Among the initiatives listed by the university are:
- A race, ethnicity, religion and belief equality group identifying and addressing issues which disadvantage BAME people at the university
- A name-blind working group examining evidence on the pros and cons of name-blind applications
- BAME students from St Andrews giving recruitment presentations at secondary schools and reviewing all marketing material
- An audit of inclusive curriculum initiatives currently active across the university, focusing on race and ethnicity
The institution also pointed to the 2018 launch of St Andrews’ Staff BAME Network, its support of staff taking part in the Advance HE Diversifying Leadership (BAME) programme, and its claim to be “the only Scottish university to have advertised vacancies in publications including the Windrush magazine, the Black History Month magazine and website, and the BAME Education and Careers Guide magazine”.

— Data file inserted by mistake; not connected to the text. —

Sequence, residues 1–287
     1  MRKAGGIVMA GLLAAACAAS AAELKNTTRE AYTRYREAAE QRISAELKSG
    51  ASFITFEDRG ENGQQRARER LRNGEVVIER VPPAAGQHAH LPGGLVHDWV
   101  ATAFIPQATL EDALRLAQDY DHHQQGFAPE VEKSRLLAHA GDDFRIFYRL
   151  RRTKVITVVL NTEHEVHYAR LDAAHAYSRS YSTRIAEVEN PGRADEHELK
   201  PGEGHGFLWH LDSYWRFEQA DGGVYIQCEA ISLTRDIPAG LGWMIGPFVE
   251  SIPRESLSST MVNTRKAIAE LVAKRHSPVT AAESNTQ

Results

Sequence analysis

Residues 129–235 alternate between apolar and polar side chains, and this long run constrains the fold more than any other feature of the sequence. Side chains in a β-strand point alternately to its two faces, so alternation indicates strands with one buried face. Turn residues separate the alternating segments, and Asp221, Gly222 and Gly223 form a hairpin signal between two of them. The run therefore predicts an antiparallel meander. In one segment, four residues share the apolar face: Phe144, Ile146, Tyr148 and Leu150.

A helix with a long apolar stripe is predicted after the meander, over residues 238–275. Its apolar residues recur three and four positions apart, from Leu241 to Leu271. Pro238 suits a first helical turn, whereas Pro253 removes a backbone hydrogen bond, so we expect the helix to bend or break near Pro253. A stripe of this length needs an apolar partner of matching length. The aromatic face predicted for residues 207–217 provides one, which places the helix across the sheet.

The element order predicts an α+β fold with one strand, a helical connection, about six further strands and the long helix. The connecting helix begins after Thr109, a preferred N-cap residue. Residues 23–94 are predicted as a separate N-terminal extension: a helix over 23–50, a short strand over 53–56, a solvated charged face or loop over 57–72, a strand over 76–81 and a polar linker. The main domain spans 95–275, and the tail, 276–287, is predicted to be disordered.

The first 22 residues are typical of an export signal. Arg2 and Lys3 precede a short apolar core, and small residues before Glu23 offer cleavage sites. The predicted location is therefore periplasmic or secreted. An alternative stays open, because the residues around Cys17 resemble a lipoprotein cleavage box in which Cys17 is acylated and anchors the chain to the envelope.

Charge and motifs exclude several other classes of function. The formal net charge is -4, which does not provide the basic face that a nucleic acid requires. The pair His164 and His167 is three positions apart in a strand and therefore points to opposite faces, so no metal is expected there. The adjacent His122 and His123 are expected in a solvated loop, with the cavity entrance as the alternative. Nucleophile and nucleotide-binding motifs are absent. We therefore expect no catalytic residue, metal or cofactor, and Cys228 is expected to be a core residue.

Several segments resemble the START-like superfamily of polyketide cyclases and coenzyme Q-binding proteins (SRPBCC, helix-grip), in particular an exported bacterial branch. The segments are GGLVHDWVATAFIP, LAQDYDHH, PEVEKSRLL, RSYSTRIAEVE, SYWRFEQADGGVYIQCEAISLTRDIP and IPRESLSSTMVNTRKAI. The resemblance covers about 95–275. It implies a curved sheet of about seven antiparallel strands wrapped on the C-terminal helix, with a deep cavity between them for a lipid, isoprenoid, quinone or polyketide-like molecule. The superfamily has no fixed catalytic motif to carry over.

“Every one of the initiatives underway at St Andrews exists because we want to make a real difference to people’s lives,” said Mapstone.
The university has also published, as the culmination of a year-long project, its first equality, diversity and inclusion progress reports.
“These actions are only a start, but I hope they provide a sense of depth and momentum, and the centrality of diversity to what St Andrews, under my leadership, aspires to be,” added Mapstone.
President of the university’s Students’ Association, Jamie Rodney, said: “I echo the principal’s apology – the Students’ Association, just like the university, has fallen short of doing everything it could do for BAME – and particularly black – students. We’ll be doing everything we can to support the university’s actions and uplift the voices of our black students.”
Other universities respond